ADP: US private sector created 179,000 jobs in May vs 215,000 estimate

Private sector jobs up 179,000 in May

Job creation in the private sector was disappointingly slow in May, with companies adding just 179,000 positions, according to the latest reading from ADP and Moody's Analytics.

Economists in a consensus survey expected ADP's national employment report to show the economy created 215,000 private payrolls in May, down from the prior month's 220,000 figure.

The number could cause economists to ratchet down the projections for Friday's nonfarm payrolls report, which is projected to show an addition of 210,000 positions for the month. Capital Economics said in a note that the ADP report "adds to the downside risk" for its forecast of 230,000 jobs created.

Services accounted for most of the jobs, adding 150,000 to the total, while goods-producing employment increased by 29,000. Even in the services sector, though, there was weakness, with new professional and business positions tumbling to 46,000 from 75,000 in April.

A flier announcing job openings sits on a table during a career fair at the Southeast Community Facility Commission on May 21, 2014 in San Francisco, Calif.
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Trade, transportation and utilities was the next-best industry after services, adding 35,000 jobs, while construction grew by 14,000, manufacturing rose 10,000 and financial activities gained 6,000.

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The total April number was revised lower, from 220,000 to 215,000 positions.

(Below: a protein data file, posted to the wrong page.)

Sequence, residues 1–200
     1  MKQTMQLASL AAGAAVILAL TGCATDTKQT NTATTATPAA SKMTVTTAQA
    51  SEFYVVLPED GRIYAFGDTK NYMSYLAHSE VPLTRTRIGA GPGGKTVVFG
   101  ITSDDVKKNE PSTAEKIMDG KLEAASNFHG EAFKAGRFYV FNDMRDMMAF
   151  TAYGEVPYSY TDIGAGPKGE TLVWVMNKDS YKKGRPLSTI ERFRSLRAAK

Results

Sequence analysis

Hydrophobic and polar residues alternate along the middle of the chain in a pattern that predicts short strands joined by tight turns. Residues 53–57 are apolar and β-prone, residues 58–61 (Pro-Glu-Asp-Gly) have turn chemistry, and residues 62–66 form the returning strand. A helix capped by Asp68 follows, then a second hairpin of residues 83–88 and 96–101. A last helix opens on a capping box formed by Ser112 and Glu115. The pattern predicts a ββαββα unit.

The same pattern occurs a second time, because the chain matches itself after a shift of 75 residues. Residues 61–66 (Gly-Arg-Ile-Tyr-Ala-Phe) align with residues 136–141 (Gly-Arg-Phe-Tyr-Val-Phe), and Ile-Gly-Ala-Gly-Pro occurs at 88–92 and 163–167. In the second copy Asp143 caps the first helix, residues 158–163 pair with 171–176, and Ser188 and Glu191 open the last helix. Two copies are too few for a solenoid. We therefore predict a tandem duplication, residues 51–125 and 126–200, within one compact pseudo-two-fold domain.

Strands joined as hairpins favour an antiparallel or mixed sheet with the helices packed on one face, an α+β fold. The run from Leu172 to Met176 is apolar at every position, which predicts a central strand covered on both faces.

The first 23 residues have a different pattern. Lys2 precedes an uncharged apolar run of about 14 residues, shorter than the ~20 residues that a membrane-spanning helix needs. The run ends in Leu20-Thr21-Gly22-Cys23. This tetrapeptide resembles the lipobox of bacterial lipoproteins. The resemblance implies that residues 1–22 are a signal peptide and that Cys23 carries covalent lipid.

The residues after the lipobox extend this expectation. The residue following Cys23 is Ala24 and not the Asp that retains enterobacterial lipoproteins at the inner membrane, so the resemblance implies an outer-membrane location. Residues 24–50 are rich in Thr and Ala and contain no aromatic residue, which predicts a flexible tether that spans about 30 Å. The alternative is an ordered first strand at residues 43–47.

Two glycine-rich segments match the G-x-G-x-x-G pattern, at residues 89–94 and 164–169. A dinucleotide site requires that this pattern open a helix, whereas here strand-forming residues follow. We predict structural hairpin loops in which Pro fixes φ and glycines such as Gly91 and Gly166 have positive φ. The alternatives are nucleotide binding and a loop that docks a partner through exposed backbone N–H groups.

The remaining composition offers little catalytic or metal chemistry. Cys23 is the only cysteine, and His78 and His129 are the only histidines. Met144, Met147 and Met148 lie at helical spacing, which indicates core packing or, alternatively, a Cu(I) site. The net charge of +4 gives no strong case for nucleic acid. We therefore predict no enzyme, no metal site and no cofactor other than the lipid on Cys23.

"Taken at face value, I'd say it's disappointing," said Mark Zandi, the chief economist at Moody's, which assembles the data for ADP, told CNBC. "It suggests that monthly job growth is probably still south of 200,00 per month and that's about where we've been for the past three years...But i don't know that I'd take it at face value...My sense is that looking at broader sets of data, underlying job growth is more than 200K."

Small businesses—with fewer than 50 employees—dominated job growth for the month, adding 82,000 positions.

"While the US economy continues to add jobs at a decent pace, there are still no signs of a new acceleration which at this point of the business cycle remains telling and helps to explain the move in US Treasuries this year compared to the very optimistic economic expectations entering 2014," Peter Boockvar, chief market analyst at The Lindsey Group, said in a note.

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